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A Crash Diet, A Crashed Metabolism

Marathoner Found The Drive To Lose Weight Caused Her To Do The Opposite

Lori Riley

8:51 PM EDT, October 12, 2013

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HARTFORD — Kelly Burns Gallagher needed to lose weight.

First a little background:

She is an Ironman triathlete and a marathoner. She coaches other runners and triathletes. She is a lawyer in Hartford. She is the treasurer of the Hartford Track Club and organizes a number of road races.

Oh, and she is a Type A personality, with a capital A.

After competing in Ironman Florida (a 2.4-mile swim, 112-mile bike, 26.2-mile run) last fall, she felt that if she lost maybe 20 pounds, she could be faster. So Gallagher, 32, of Southington started to eat very small breakfasts. She would eat a salad for lunch. When she went home, she would not eat many nights. She would just go to bed. And on top of this, she was training 2-3 hours a day, biking 5-6 hours on Saturdays and running two hours on Sundays.

She did not lose weight. She gained weight. Over a frustrating four-month span, she added about 20 pounds to her 5-foot-9 frame.

"My ideal race weight for my height is like 140-145," said Gallagher, who finished the ING Hartford half-marathon Saturday in 1 hour, 55 minutes. "There are girls at my height who race at 128-130. It's tough because I want to be littler-looking."

In February, Gallagher — who has completed five Ironman triathlons and a number of marathons — weighed 191 pounds.

"I didn't want to go out," she said. "I didn't want people to see me like that. I kind of felt like, a lot of people watch what I do. I write a blog, I write articles for a website. I'm out there. People notice."

But though she was despairing, she got help. She went to a registered dietitian and a therapist. It was determined that she had crashed her metabolism, in which the body responds to "dieting" as if it were starving and can store everything as fat. She also had adrenal fatigue. As Gallagher describes it: "My body is producing weird hormones at different times. Hormone imbalances are causing my body to save everything I eat as fat. No matter what I do, I save it as fat."

Under the guidance of the dietitian, she began to eat more, and she lost some of the weight. She is now down to about 175-180 pounds.

"It's been a tough issue over the last year to deal with — eating how I'm supposed to eat, dealing with my body image issues, trying to essentially feed my body what it needs to eat so it maybe will decide it doesn't need to save everything as fat, and re-regulate my hormones," she said.

This is not uncommon, according to Margo Maine, a clinical psychologist in West Hartford who has specialized in eating disorders and related issues for the last 30 years and has written numerous books on the subject.

"We see people all the time who have ground their metabolism to a near halt in the effort to lose weight or stay slim," Maine said. "This is a really important issue to talk about. People have a natural body weight range which their bodies want to be at or around. Over half of the factors that govern our adult weight are genetic and there's only so much we can do to alter that natural weight range.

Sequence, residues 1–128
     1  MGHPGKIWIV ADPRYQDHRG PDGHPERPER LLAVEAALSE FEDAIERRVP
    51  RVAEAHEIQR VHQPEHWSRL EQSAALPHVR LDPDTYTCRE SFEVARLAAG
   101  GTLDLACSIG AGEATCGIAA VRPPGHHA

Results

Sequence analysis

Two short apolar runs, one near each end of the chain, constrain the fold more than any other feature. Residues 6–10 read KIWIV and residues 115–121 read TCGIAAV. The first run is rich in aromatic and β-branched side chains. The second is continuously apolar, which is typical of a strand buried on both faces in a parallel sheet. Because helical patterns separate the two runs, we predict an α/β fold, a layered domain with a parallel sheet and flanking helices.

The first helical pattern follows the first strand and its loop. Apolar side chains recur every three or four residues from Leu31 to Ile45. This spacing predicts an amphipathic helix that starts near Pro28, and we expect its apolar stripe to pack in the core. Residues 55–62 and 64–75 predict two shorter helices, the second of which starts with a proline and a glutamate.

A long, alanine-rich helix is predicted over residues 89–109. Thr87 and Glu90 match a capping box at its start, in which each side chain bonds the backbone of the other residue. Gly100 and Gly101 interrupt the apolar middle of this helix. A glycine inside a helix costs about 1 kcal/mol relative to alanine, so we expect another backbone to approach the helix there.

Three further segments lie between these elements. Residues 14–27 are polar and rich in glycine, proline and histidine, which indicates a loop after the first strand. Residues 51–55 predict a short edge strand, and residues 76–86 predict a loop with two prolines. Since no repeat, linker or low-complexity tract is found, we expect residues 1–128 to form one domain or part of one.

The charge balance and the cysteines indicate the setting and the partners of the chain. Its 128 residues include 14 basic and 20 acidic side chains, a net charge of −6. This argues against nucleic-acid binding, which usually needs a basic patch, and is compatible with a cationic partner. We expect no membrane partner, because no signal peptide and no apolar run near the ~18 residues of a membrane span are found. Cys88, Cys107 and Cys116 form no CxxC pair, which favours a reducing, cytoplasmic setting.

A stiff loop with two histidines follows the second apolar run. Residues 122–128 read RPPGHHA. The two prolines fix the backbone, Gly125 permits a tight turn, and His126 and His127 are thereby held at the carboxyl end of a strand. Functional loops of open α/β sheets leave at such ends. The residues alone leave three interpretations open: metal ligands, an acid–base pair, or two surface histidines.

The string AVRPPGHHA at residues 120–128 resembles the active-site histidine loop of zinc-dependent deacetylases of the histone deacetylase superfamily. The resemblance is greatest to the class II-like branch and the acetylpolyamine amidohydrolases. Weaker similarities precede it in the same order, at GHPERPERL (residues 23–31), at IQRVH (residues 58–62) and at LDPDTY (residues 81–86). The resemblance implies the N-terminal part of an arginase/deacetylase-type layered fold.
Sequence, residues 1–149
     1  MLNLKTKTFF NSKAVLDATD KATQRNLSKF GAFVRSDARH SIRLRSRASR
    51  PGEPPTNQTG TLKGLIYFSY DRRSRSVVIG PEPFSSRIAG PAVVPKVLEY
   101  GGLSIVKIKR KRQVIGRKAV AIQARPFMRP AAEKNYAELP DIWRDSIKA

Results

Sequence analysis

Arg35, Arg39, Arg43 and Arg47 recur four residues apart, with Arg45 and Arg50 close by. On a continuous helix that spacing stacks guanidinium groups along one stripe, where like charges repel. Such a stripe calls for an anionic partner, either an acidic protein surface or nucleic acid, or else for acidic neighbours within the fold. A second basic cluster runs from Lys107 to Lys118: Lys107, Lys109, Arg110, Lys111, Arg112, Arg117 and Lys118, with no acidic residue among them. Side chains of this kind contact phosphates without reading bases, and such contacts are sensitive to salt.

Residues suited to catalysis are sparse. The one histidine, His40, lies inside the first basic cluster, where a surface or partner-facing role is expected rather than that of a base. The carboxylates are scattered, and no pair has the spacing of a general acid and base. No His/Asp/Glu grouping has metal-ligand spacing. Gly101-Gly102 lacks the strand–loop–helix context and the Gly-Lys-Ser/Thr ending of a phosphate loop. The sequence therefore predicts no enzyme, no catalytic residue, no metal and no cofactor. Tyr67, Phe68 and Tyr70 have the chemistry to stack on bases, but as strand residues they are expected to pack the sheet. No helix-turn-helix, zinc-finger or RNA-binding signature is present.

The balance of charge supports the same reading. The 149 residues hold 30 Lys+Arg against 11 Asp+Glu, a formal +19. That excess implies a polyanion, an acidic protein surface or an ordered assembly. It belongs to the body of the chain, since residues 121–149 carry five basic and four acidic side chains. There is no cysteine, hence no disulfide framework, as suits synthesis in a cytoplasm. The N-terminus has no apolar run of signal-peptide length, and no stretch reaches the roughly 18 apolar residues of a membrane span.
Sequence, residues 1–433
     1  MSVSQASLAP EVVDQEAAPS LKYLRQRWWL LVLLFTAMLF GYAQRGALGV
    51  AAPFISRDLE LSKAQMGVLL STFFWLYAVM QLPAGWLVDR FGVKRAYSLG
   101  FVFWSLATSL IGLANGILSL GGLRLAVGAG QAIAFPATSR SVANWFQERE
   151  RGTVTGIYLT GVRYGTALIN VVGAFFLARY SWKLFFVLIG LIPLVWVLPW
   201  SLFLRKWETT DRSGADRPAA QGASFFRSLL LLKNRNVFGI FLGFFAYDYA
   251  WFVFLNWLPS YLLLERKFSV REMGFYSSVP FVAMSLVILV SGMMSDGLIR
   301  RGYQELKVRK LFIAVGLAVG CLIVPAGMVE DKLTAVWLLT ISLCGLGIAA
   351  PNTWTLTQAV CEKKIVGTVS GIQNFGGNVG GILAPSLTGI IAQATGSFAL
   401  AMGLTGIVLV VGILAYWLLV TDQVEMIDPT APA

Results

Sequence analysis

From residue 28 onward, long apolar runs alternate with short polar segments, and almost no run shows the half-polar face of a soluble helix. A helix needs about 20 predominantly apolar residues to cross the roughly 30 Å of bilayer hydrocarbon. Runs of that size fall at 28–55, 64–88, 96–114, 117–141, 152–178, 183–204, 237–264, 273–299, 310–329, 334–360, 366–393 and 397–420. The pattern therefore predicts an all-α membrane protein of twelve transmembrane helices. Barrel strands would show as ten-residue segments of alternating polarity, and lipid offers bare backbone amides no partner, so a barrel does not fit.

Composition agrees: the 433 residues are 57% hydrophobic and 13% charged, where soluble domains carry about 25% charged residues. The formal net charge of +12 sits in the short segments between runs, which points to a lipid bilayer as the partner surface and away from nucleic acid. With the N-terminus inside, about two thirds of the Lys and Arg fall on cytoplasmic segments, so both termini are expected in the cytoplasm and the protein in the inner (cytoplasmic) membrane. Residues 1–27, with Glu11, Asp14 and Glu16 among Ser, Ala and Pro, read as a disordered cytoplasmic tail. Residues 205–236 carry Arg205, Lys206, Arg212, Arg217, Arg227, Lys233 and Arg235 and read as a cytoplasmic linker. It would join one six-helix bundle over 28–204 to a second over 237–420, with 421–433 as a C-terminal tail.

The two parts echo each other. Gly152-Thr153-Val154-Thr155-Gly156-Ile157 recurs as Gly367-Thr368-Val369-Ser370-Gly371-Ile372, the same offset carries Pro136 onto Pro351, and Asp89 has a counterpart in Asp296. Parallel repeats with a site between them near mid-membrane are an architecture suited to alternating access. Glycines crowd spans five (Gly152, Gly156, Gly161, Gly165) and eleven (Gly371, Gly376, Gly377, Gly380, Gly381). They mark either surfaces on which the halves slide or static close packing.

"It's important for people to exercise and to eat well. But when people take this desire to lose 10, 20 or 50 pounds to the extreme, they can do this reversal to their body. It's like hibernation. It's the body's response to starvation."

Let's face it. We'd all like to lose five or 10 pounds, right? Many of us — I'm talking women here — don't like the way we look when people take pictures of us and post them on Facebook. Gallagher used to go through and delete them. She only liked pictures of herself in profile.

And when we go to a road race, forget it. There are a lot of skinny people there. Well, we feel like there are, anyway. And then there are the rest of us.

"In 2011, I was doing Ironman Lake Placid," Gallagher said. "It's a two-loop run course. I'm coming in to finish, it's still daylight, I was in the top 70 of all women and this guy looks at me and says, 'Good job, you only have 13 more miles.'

"I said, 'What, you don't think a fat girl can run?' "

In hindsight, she felt bad. "He was just trying to be supportive."

When she was nominated and chosen to be part of the Hartford Marathon's Elite Inspiration team, the marathon put up giant posters of each team member at the race expo at the XL Center the past few days. That's all Gallagher needed to see — a giant picture of herself — but she dealt with it.

"I think athletes have particular pressures on them," Maine said. "You don't have to be skinny to do a sport.

'People have to accept their body as it is. That's a hard position. We need to be more aware of many factors that affect weight. People can be healthy at any size. It's not weight that determines health, it's activity level."

Gallagher knows this. She was going on about it Saturday after the half-marathon.

"I think people look at [a marathon or a road race] and go, 'I can't do that, because that's all skinny people. I'm not a skinny person so it's off limits to me,'" she said. "And it's not. People don't want to feel uncomfortable. They don't have to feel uncomfortable because there's all kinds of people coming across the [finish] line. People feel like they can't do something because they look a certain way."

Gallagher is trying to break down that barrier. It's hard, but she's trying.